Light and Tide brings together paintings from the dramatic coastlines of Clachtoll and Achmelvich (“Where I’d be now, if I could, it’s just the right kind of day to get the big tides and that splash of light”) with tranquil rock pools and inlets from Iona. “This show is all about the light,” she says. “I was going out trying to capture a specific kind of light, coastal light, light hitting water. Everywhere I went last year I was looking for that.

“Iona has just the most special kind of light. Sometimes blazing sun isn’t that great, but later in the day, I’d get bits of interesting clouds and light. It was a very fortunate trip. Quite a lot of the time I’ve planned to go somewhere and I get nothing at all, the sky is just dead grey.”

Robertson Fiddes spent the early years of her childhood on the island of Tiree and says this was fundamental to forming her sense of landscape. She studied at Edinburgh College of Art, where she became interested in bronze-casting, and graduated with a degree in sculpture, but she never stopped painting.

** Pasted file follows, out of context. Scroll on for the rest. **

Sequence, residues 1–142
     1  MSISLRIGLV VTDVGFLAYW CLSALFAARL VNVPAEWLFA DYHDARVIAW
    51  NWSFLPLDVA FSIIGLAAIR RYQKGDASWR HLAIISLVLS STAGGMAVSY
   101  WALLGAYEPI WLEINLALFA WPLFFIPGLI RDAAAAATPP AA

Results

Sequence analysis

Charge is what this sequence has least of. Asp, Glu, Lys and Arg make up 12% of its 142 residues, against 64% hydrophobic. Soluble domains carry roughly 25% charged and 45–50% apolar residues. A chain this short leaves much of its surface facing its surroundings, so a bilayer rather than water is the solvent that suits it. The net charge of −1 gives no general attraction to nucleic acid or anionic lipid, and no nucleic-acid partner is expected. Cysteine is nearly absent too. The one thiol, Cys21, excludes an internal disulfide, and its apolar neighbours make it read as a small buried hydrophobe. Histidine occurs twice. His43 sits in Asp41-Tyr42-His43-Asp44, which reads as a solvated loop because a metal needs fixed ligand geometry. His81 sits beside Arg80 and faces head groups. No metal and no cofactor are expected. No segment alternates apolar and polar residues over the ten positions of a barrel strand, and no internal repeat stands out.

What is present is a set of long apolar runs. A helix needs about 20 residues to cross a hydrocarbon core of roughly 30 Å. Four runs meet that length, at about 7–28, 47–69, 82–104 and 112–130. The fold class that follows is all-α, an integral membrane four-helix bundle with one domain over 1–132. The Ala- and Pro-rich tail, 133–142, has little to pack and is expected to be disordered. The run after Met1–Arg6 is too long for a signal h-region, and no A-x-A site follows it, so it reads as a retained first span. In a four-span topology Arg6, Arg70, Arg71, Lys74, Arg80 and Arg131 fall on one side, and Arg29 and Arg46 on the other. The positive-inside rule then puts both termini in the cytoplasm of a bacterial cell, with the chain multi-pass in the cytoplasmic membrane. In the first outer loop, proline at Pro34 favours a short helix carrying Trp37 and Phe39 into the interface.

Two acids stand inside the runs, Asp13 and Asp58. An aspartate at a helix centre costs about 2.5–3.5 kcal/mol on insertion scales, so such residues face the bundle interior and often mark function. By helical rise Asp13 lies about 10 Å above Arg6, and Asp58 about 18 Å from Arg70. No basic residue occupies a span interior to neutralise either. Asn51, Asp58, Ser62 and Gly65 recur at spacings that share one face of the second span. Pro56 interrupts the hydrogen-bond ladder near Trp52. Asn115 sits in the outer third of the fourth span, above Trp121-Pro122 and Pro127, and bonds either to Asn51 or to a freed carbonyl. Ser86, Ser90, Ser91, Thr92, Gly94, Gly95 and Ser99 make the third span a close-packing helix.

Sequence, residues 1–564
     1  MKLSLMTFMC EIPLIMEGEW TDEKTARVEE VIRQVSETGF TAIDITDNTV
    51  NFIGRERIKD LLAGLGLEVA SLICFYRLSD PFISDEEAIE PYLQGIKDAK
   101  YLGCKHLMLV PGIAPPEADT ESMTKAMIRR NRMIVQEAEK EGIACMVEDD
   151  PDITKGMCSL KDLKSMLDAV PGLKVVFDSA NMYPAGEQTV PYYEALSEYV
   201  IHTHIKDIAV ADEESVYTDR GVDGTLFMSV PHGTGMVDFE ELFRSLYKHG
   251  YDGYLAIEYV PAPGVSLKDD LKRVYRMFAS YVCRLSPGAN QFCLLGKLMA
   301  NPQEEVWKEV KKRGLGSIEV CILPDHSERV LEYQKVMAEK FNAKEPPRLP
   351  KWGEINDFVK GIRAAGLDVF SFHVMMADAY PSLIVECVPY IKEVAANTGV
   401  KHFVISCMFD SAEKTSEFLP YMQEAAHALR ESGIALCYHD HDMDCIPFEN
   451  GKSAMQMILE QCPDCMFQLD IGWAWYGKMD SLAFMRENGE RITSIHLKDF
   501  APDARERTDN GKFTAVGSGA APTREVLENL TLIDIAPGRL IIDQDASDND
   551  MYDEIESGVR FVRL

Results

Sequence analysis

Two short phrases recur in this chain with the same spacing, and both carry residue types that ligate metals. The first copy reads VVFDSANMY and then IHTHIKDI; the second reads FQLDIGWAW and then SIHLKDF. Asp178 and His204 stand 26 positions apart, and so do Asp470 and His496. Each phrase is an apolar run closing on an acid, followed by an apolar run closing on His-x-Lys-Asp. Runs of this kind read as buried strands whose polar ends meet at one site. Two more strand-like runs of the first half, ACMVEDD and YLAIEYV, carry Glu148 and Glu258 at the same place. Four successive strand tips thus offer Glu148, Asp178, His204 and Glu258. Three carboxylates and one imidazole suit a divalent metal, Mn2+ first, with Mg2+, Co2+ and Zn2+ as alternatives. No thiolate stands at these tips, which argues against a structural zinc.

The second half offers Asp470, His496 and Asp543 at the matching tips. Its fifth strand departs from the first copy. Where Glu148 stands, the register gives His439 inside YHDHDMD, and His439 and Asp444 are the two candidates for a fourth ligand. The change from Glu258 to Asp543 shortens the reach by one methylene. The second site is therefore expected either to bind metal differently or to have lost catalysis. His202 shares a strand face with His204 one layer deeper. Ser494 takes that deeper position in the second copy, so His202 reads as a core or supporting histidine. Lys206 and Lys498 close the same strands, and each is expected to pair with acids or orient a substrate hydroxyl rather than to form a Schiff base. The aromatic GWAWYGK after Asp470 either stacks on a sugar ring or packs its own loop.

“It was always there, it never left me,” she says. “It’s something I did right through my childhood. Even at art college, I painted landscape when it wasn’t term-time. It’s just part of what I do to exist, it was even when it wasn’t my profession, it’s a bit like breathing.”

While raising a family in Edinburgh, she would take solo wild camping trips to the Northwest Highlands to paint. Winning a prize in the Jolomo Bank of Scotland Awards for Scottish landscape painting in 2011 was a much deserved boost.

“I was working in a fishing tackle shop, and getting some money from the Jolomo Award gave me a breathing space to think, ‘Maybe I don’t need to do this job, I can focus on the painting’. I had to trust that enough people would be interested in my work and they were. I don’t underestimate luck. Hard work is one thing but I definitely feel that a lot of good opportunities came my way.”